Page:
SMS marketing to be hit by legal challenge

Text message marketeers left with fewer characters than Godot...
Written by Heather McLean, Contributor on

Text message marketeers left with fewer characters than Godot...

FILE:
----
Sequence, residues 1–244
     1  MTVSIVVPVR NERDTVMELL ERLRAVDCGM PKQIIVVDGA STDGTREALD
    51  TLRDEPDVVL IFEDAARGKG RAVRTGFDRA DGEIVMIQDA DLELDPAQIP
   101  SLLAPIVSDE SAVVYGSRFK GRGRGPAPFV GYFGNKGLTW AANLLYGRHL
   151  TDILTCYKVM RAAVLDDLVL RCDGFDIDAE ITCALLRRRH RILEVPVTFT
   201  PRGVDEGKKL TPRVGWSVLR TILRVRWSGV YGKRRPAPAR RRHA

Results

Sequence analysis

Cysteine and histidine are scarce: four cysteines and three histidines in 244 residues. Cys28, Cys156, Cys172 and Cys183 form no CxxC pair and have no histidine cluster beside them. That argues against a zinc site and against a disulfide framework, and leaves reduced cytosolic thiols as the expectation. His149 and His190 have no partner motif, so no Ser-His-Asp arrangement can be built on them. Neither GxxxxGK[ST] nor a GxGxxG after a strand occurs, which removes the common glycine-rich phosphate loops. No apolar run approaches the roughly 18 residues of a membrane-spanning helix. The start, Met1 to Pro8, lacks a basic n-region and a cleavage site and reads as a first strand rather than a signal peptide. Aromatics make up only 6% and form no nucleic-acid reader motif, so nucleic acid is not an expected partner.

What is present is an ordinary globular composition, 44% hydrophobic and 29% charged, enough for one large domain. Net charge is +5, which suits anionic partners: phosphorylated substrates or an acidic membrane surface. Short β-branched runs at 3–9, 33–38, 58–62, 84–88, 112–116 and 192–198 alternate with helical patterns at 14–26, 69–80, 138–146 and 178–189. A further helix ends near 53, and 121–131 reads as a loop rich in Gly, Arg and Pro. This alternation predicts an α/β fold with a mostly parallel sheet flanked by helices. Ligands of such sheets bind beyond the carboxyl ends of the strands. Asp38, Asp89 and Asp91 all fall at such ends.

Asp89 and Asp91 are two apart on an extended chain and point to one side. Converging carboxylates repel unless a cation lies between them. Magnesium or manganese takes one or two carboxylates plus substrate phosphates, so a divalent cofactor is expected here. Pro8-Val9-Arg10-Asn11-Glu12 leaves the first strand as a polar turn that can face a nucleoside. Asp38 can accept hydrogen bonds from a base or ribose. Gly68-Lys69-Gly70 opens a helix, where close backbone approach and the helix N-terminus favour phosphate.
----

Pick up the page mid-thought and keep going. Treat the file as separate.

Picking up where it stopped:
The use of SMS as a marketing tool could be severely hampered by government plans to control corporate usage of electronic communications. Under the 1985 Companies Act, organisations are required to include their official registration details on letters and other written communications. But the government is planning to extend the law to email and SMS - the latter being particularly problematic. The maximum number of characters currently possible in an SMS message is 160. The average length of full registration details will account for much of the character quota: company name, address, registration code, details of the countries in which the company is registered and a list of all company directors (if any are referred to in the main text) must all appear. Eversheds lawyer Jonanthan Armstrong questioned the DTI's intentions towards the 1985 companies act. He said: "Directors and any officer within an organisation could be criminally prosecuted if a message went out without complying and most people wouldn't want a criminal offence, particularly one that relates to running a limited company, on their record." Robert Hamilton, chief technical officer at SMS marketing company Scan, said: "There must be some sort of opt out option included in the revised act, or SMS messages will be 90 per cent irrelevant information and 10 per cent message." Hamilton said the SMS industry will have to look for loopholes to get around the new law. "Consumers are probably a lot more comfortable using this medium than the DTI believes," he said. Potential ways to avoid the limits imposed by the amendment include text messages that carry a simple code to provide a link to more detailed information held online in a centralised database that carries all company information. Dave James, an administration manager at Companies House, the DTI agency behind the 1985 Companies Act, said: "It is highly likely the act will change because electronic [communication] is becoming more the norm than the exception."
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